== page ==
Teaching History with Postcolonial Consciousness
The Possibility of Overcoming Eurocentrism/Colonialism
For the last several decades, a variety of forms of colonial discourse such as nationalism and Eurocentrism have been criticized by postcolonial theorists. In particular, they attacked the nationalist paradigm of Korean history for its
Eurocentric premise of modernity. However, is it ever possible to transcend Eurocentrism in history scholarship or history education?
In the field of history education, the criticism of Eurocentrism has mainly targeted middle and high school world history courses for their emphasis on European history or their adoption of the theories on European internal development into modernity and modernization (Kang, 2002, 2003a, 2003b, 2006, 2012). Many scholars suggested restructuring the world history courses with theories of global history, in particular adapting inter- regional/cross-cultural approaches or world system theories (Jeong, 2003; Kang, 2002, 2003a, 2006; Lee, 2006). This was an attempt to structure world history to explain the capitalist modernity as a contingent result of Afro-Eurasian interregional interactions, not a result of the logical realization of European cultural traits, and thereby to reduce the influence of a Eurocentric perspective. Historians have also sought in theories of global history alternative approaches to transcend Eurocentric concepts of history such as general history, linear development, and modernization (Cha, 2007; Cho, 2002; Lim, 2008).
However, theories of global history have also confronted criticism that it too is no more than Eurocentric. Tack-Hyun Kim (2012) argued that ‘Eurocentrism is inseparable with European modern capitalism/colonialism and the history of Eurocentrism is the history of European capitalism, which spread all around the world, and the European colonialist narrative, which was justified by civilizational mission.’ He criticized global history as also justifying the globalization of capitalism, and therefore it is Eurocentric. Tack-Hyun Kim (2012: 349) argued that ‘the deconstruction of modernity and the destruction of capital power are the only ways to overcome Eurocentrism and thus to be free from colonialism.’ Tack-Hyun Kim takes a radical position about the way to overcome colonialism. In his view, only anti-modernism and anti-capitalism can resolve colonialism.
Jerry Bentley (2010) also saw anti-modernism as the ultimate resolution for colonialism. Bentley, during an international conference in Seoul, 2010, pointed out the problem of ‘structural Eurocentrism,’ which is ‘the structures of thought and categories of analysis—all deriving from modern, capitalist, industrial and imperial Europe—that steer historians and other scholars to understand the world from a particular perspective.’ He referred to Chakrabarty’s (1992) criticism on Eurocentrism. Chakrabarty argued:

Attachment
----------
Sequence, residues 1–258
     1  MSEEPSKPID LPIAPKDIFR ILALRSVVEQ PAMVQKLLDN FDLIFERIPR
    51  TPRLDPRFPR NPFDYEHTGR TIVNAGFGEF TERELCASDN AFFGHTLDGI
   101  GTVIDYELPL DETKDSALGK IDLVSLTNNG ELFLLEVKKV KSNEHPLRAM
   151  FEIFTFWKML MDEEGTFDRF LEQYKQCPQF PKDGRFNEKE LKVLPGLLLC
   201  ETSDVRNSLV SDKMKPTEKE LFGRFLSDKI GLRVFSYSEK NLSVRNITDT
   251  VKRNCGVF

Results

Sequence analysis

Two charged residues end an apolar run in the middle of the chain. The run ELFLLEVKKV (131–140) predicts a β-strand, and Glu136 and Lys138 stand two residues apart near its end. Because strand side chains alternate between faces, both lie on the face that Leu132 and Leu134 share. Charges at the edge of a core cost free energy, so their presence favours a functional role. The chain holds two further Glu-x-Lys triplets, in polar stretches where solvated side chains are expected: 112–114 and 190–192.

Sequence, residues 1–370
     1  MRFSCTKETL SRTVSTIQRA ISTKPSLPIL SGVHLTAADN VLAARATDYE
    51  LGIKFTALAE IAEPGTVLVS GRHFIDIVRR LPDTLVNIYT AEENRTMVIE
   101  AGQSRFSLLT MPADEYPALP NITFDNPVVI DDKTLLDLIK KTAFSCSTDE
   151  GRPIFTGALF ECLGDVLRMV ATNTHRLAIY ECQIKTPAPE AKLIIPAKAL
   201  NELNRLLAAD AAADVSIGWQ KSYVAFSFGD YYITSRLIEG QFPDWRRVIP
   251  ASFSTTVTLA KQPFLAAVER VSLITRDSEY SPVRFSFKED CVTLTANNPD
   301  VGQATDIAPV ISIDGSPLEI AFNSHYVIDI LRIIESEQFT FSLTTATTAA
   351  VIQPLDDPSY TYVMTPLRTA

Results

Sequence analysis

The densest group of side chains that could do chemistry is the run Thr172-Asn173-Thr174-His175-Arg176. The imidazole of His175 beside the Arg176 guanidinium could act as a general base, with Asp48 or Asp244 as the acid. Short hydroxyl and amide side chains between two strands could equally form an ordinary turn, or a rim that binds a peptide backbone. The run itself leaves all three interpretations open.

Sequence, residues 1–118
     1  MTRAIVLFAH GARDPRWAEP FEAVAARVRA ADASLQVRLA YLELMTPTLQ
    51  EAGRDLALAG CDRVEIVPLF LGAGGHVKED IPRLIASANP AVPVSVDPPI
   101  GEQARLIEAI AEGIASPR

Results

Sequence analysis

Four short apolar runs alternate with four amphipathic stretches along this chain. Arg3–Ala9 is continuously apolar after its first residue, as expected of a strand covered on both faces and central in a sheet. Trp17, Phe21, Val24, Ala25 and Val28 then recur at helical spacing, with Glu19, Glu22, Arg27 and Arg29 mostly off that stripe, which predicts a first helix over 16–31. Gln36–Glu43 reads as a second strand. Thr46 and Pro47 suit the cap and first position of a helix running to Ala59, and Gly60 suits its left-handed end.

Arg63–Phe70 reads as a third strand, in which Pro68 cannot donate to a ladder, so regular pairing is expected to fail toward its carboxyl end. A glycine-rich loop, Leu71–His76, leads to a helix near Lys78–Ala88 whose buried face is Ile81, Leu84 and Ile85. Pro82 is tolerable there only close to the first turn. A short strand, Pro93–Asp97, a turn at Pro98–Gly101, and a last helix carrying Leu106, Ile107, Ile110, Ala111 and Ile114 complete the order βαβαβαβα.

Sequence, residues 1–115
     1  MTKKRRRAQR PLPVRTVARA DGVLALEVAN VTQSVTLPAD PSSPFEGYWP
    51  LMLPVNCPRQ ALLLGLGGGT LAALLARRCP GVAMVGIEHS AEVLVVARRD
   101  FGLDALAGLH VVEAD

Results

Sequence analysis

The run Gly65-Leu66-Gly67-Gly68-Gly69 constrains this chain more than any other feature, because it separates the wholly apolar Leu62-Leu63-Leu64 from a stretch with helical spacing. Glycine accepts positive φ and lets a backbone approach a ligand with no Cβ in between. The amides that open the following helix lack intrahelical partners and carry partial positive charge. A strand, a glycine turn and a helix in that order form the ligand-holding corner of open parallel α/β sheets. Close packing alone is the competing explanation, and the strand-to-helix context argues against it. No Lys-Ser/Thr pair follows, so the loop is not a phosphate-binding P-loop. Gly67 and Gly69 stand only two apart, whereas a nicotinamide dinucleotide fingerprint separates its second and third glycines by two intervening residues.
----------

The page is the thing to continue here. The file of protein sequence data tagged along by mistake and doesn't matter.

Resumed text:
‘Economics’ and ‘history’ are the knowledge forms that correspond to the two major institutions that the rise of the bourgeois order has given to the world - the capitalist mode of production and the nation-state... So long as one operates within the discourse of ‘history’ produced at the institutional site of the university, it is not possible simply to walk out of the deep collusion between ‘history’ and the modernizing narrative(s) of citizenship, bourgeois public and private, and the nation-state. (Chakrabarty, 1992: 19)
Postcolonial theories in the vein of poststructuralism problematize not only the nationalist paradigm but also history scholarship as a whole as constituting a European colonizing process. Chakrabarty (1992: 18) asserted Indian history or Korean history ‘even in the most dedicated socialist or nationalist hands remains a mimicry (Homi Bhabha’s term, Bhabha, 2004) of a certain ‘modern’ subject of ‘European’ history.’ To end Eurocentism/colonialism, history scholarship has to be reconstructed. In other words, within the discipline of history, no one is able to suggest how to overcome Eurocentrism, a form of colonialism. Overcoming structural Eurocentrism requires scholars to approach the past with different concepts, categories, and methods from those of ‘history.’
However, Chakrabarty and Bentley found redeeming value in historical scholarship, suggesting that ‘professional historical scholarship is capable of improvement’ (Bentley, 2010: 169). Chakrabarty (2000) attempted to configure the ‘particularity’ of modernity in non-Western countries with ‘indigenous’ categories, demanding provincializing the Europeanness of concepts and theories in history and social science. However, the elaboration and enunciation of the particularity of each region or culture or indigenousness may reinforce ‘ethnocentrism,’ or ‘particularism,’ which has little relevance to the common task which requires a sharing of awareness and consciousness for the survival of humankind. In this respect, some scholars such as Jorn Rusen (2010) and Jerry Bentley (2010) seek to create ‘another universality’ or ‘cosmopolitanism’ beyond ethnocentrism or Eurocentrism. Nevertheless, is it ever possible to transcend structural Eurocentrism in history scholarship or history education?
It is important to critically approach modernity and capitalism to reveal and to solve the problems that the contemporary world is facing. However, ‘it is ahistorical to erase the physical and ideological consequences of the global impact of this European modernity’ (Dirlik, 2010: 214). It should be recognized that ‘the discourses of Euro/American modernity are now part of a global discourse of modernity, which ironically includes the legitimation of anti-colonialism and anti-modernism, which are discussed in postcolonial criticism and postmodernism’ (Dirlik, 2010: 214).